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From Brewin to Brighton: How David Pegler's firm has evolved

From Brewin to Brighton: How David Pegler's firm has evolved

When David Pegler and his colleague Tim O’Connor were profiled, back in early 2015, they had recently left Brewin Dolphin to launch their own firm, Brighton Capital Management.

Now two years into the endeavour, Pegler (pictured) describes how the business is beginning to take on a multi-family office element, as it signs a number of significant estates.

 

How has the makeup of your client base changed since you were a Wealth Manager cover star?

‘The biggest change was recently starting to look after large families. We look after a selected number of families, which are larger entities, and there is a lot more work involved.

‘But it is very rewarding, in that you really get to know the family very well and so we are almost moving from wealth management into a multi-family office.

‘That’s not saying that we’re not dealing with the client base we always dealt with; we just are increasingly finding that we are working with a selected number of families and groups in the local area, which is great.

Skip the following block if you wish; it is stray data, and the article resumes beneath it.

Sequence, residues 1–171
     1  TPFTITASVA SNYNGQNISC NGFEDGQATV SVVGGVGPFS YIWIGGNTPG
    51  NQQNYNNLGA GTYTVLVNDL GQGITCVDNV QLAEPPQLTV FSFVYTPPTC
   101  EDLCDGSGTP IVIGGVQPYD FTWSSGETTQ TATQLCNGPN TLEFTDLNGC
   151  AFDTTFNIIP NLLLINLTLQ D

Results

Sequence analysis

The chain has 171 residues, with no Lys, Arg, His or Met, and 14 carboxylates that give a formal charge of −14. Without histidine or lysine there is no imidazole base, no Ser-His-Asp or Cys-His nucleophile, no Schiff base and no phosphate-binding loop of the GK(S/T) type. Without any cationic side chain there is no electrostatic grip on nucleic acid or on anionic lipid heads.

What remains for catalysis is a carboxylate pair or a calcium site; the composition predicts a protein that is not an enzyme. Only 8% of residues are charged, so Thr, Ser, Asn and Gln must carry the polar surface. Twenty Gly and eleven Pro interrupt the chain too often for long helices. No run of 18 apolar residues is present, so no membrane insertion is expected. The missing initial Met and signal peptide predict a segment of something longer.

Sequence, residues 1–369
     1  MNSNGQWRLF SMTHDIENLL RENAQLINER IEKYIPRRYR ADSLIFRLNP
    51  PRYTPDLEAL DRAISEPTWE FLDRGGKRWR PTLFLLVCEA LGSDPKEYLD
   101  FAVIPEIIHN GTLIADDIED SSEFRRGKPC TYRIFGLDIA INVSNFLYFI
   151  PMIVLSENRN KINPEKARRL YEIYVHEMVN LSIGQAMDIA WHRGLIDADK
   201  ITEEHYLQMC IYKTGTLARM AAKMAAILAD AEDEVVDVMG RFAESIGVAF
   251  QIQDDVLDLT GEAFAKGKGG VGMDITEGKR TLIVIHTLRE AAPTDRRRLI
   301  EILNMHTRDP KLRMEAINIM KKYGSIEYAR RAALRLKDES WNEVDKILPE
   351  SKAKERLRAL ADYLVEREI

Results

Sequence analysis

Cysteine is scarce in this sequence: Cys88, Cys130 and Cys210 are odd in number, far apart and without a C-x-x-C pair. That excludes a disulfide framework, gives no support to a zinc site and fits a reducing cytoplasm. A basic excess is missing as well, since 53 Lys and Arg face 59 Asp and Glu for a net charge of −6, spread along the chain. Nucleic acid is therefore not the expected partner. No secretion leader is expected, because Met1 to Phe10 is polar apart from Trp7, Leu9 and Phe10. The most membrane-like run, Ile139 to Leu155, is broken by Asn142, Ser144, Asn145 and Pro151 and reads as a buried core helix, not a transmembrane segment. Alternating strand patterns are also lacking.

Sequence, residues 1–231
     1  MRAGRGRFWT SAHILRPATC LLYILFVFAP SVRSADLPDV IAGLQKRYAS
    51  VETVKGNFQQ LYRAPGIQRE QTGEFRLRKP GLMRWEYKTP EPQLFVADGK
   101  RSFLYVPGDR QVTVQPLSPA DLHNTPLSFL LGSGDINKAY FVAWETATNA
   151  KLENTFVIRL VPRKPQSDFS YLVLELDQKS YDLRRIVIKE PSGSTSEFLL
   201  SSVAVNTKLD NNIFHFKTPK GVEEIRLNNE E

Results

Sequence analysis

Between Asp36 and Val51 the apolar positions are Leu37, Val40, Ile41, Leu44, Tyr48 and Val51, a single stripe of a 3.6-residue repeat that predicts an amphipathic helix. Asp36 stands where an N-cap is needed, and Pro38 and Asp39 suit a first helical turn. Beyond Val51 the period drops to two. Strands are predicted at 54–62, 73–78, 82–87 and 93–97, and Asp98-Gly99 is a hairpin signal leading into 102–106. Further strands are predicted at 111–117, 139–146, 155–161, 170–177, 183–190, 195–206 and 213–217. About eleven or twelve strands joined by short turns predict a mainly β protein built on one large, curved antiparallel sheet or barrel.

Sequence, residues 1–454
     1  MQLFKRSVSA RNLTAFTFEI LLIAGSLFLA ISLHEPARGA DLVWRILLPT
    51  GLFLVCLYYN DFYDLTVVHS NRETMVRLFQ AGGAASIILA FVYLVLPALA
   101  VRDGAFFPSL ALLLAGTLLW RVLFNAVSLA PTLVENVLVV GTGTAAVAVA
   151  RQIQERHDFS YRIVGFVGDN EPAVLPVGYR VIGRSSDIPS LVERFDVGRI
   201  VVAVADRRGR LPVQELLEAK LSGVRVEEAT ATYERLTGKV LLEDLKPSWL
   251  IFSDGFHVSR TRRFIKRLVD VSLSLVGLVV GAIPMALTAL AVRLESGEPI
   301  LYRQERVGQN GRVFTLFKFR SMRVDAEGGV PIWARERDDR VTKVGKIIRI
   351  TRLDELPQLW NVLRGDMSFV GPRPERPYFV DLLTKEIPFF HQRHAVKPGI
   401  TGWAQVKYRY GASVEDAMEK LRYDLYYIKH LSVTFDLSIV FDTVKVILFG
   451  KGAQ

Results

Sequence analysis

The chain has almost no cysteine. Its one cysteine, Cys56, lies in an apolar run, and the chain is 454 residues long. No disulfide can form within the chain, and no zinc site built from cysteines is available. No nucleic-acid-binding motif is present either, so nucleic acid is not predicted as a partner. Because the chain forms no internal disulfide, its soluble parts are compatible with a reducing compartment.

‘Because of the higher net worth families, our average client size has gone up and we are now managing close to £100 million.’

‘Our whole business has kind of morphed from investment management into financial planning, to wealth management; and now to a multi-family office type proposition with a private offering to a select number of clients that really want to be looked after.

‘We may spin it off as a separate company in due course, but at the moment we are doing it through our offering with Brighton Capital Management.’

 

How has the landscape for your business changed in the last couple of years?

‘We are a local company in Brighton, where a lot of the big corporates have turned their backs on the city.

‘We opened up here thinking that there was a need and I think in two years we have proved that. Our small team is now running £100 million and getting enquiries on a regular basis from local people. Some local families had a look at some of the big banks and things in London and just didn’t feel the love.’ 

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